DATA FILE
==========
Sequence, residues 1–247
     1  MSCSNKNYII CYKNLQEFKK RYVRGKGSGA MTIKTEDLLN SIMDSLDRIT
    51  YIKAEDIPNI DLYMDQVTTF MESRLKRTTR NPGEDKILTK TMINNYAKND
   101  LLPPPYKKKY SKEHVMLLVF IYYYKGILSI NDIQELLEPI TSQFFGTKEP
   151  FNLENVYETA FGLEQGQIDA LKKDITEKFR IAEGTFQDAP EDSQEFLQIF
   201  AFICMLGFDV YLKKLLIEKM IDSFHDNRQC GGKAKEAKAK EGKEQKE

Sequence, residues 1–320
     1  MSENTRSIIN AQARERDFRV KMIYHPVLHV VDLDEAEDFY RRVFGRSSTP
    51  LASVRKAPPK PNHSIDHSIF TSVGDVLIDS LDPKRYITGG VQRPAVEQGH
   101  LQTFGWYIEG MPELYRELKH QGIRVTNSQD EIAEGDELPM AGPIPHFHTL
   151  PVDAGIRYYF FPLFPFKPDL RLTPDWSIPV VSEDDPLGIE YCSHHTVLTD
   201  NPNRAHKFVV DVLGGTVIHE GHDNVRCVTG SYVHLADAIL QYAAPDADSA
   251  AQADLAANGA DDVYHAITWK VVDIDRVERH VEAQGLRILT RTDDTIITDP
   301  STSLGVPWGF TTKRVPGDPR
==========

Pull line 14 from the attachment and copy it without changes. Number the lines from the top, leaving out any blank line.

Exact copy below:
   301  STSLGVPWGF TTKRVPGDPR